Phương tiện truyền thông xã hội ảnh hưởng như thế nào đến việc xây dựng và phát triển thương hiệu của công ty coca cola?
Viết báo cáo 1500 từ, phân tích câu hỏi trên.
Solved 1 Answer
See More Answers for FREE
Enhance your learning with StudyX
Receive support from our dedicated community users and experts
See up to 20 answers per week for free
Experience reliable customer service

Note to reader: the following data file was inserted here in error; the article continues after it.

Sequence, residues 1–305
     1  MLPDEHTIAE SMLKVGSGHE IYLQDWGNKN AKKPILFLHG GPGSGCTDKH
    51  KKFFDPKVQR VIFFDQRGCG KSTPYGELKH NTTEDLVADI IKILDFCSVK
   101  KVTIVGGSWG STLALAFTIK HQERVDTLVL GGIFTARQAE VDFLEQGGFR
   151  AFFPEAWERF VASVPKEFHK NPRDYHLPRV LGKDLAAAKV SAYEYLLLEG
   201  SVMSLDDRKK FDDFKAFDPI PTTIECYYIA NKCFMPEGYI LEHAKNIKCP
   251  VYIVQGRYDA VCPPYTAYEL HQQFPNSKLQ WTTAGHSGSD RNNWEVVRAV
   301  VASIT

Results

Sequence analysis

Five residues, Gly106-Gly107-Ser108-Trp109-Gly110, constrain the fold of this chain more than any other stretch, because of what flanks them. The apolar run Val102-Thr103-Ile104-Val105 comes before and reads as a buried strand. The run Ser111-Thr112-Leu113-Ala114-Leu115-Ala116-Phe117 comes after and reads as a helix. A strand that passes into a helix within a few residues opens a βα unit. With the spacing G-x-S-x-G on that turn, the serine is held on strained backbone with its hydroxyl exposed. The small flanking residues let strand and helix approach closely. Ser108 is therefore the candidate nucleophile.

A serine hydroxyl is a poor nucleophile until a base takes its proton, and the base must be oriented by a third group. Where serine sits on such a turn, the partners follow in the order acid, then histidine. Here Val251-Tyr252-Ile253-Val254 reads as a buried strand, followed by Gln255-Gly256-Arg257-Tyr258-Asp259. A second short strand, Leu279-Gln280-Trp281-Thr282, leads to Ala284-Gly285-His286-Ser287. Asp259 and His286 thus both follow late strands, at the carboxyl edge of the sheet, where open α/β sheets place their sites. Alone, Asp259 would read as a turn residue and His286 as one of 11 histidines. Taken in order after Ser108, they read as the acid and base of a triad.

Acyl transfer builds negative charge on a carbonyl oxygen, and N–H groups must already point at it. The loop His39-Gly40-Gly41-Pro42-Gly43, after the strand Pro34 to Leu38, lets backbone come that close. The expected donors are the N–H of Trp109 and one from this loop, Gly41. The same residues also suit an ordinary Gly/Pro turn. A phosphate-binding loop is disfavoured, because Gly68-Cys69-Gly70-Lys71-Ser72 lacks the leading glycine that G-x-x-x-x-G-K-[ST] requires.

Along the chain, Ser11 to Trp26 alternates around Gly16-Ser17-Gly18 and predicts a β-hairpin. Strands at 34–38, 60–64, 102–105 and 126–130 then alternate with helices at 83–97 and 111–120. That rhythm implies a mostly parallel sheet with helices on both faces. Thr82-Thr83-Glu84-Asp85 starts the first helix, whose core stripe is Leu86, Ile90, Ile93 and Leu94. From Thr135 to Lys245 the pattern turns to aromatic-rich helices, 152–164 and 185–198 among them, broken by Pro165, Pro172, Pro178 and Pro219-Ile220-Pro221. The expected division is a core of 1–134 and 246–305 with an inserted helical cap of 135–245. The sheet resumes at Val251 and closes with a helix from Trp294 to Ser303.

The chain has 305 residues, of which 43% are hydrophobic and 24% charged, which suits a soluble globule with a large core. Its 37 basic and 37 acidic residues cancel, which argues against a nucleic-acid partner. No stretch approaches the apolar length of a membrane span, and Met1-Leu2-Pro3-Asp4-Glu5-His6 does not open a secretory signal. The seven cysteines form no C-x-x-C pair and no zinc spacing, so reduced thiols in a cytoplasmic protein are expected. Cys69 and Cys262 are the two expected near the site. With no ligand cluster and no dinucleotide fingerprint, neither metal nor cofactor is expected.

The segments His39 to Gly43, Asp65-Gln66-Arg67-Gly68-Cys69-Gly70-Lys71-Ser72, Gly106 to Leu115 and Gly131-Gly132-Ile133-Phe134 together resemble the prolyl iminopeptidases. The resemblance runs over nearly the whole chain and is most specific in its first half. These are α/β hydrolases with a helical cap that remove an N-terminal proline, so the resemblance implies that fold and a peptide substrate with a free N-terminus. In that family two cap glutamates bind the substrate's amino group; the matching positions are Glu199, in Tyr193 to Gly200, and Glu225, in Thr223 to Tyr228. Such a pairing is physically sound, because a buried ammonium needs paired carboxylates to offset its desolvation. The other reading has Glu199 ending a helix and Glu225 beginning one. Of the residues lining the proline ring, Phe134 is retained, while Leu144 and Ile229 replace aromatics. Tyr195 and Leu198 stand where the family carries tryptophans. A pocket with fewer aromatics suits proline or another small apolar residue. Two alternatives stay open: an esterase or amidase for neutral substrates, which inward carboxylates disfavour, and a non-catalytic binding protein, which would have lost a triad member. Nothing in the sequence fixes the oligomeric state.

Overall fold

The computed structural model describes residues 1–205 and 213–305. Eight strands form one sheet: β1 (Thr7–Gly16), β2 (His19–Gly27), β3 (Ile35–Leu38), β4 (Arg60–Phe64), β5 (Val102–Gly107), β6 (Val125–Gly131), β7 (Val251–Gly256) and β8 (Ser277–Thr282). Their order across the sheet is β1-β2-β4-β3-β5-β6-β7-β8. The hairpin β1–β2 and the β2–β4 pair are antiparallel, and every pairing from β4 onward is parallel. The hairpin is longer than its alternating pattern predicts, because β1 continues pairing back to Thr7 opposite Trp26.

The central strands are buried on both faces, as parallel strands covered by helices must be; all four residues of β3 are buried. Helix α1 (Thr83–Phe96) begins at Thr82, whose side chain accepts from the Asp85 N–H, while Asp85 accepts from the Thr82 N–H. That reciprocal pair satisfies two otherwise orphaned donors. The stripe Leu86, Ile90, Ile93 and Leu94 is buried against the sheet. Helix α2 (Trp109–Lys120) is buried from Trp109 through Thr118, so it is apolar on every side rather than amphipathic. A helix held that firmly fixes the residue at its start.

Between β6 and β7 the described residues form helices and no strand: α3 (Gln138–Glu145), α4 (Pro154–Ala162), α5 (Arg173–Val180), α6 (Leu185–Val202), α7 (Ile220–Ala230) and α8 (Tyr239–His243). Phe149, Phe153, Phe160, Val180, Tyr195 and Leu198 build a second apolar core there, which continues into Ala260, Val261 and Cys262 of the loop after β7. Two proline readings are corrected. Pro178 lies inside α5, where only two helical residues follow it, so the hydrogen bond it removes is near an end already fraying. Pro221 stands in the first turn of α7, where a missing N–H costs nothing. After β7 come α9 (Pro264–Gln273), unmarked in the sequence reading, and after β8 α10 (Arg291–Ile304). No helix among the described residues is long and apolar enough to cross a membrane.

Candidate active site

As social media has evolved and matured, consumers’ thirst and expectation for original, authentic content have increased exponentially… and the world’s biggest brands are not excused. Coca-Cola is one such brand that has managed to navigate its way through this age of social media enlightenment within FMCG. Coca-Cola has used various tactics to ensure it has maintained a healthy presence on social media and in this piece, I’m going to look at three ways it keeps itself front of mind for consumers. Consumers as creatives Coke launched #RefreshtheFeed in November 2018, by giving its social media accounts a complete factory reset. The revamp marked the launch of the brand’s new social strategy «rooted in optimism, uplift and connection.» and was conceived to celebrate World Kindness Day . Coca-Cola went dark on its Facebook, Instagram and Twitter accounts on November 12th, only to re-emerge on World Kindness Day 2018; sharing nearly 100 original images, with help from four popular street artists who embrace the brand’s core values. Following on from its success in 2018, Coca-Cola ran a similar organic social campaign for World Kindness Day 2019, called #KindnessStartsWith. Screenshot of Coca-Cola’s Instagram posts for #WorldKindnessDay2019 Coca-Cola tagged the artists where possible, conveying a feeling of community and harking back to the campaign’s original purpose of prioritising optimism, uplift and connection on social. Another campaign using similar tactics, but engaging consumers rather than artists, was the brand’s Share a Coke campaign, which involved Coca-Cola replacing the logo on the bottles of its Coke products with popular names. In early 2013 Coca-Cola released the first 150 names in the UK. The company also sent some to celebrities and let the public find them for themselves in store, with the aim of them sharing their own personalised Coke bottle on social media. The campaign was a social media success and within six months of its launch, Coca-Cola reported 330 million impressions on Twitter, with nearly 170,000 tweets from 160,000 fans. Takeovers Coca-Cola worked with Stranger things to promote the third season of the popular ’80s-themed Netflix Original TV series’ with a takeover style approach to its social media – including the introduction of New Coke. For those not old enough to remember , New Coke was a sweeter version of Coca-Cola with improved taste, originally rolled out in the US, in 1985, as a response to the dwindling sales of the original product. New Coke was one of Coke’s most unsuccessful product launches, with clamour for a return to the original recipe impossible to ignore. But with Stranger Things’ third season set in the summer of 1985 both Coca-Cola and Netflix recognised the authenticity the beverage could bring to the programme and Coca-Cola’s online and offline promotion. Recognising the power of nostalgia in marketing and by homing in on the fanfare and buzz surrounding Stranger Things, Coca-Cola gave its social media an ’80s makeover through Stranger Things-inspired posts ahead of the new season. In addition to the organic and paid social media activity, Coca-Cola and Netflix teamed up for some experiential marketing by launching a Stranger Things-themed pop-up arcade in London, presenting an opportunity for fans to feel apart of the launch and create some additional UGC for Coca-Cola. Stranger Things fans were transported back to Hawkins to experience its famous arcade and play original video games featured in the series. In addition to the earned and owned social media coverage, the campaign was successful financially too. Coke beat its second-quarter earnings estimates and boosted its full-year 2019 revenue forecast, with some of that success attributed to the Stranger Things takeover. This multi-pronged approach is like other takeovers the company has rolled out in the past. Take #ThatsGold, for example. To celebrate the 2016 Olympic Games in Rio, Coca Cola Brazil launched the #ThatsGold campaign, which was designed to celebrate the feeling that comes with accomplishing something great. Christmas Kris Robben’s, Marketing Director at Coca-Cola Great Britain and Ireland, commented: «This year, we’ve taken the iconic and much-loved campaign and made it the biggest yet by bringing back the elements people love and adding new partnerships, activity and special moments to bring it to life in even more ways that we hope our existing fans and new ones will love». Coke arguably has the most famous Christmas TV ad of all-time, with its ‘Holidays are Coming’ advert from 1995 and, much like with the Stranger Things campaign, it harnesses the power of nostalgia by recreating the original ad. Coca-Cola will be sending its famous truck on a tour to visit several UK Towns and Cities for Christmassy pop-ups, where consumers will be able to sample its limited-edition Coca-Cola zero sugar Cinnamon. Coca-Cola also partnered with homeless charity Crisis, with 10p donated for every Coke zero sugar Cinammon can sampled and recycled, throughout the truck tour. Conclusion For big FMCGs, approaches to social have morphed from being heavily product-based to more nuanced and varied and Coca-Cola has recognised this shift towards content and experiences to push its brand in a less celebrity-led approach than its major competitor, Pepsi.   ...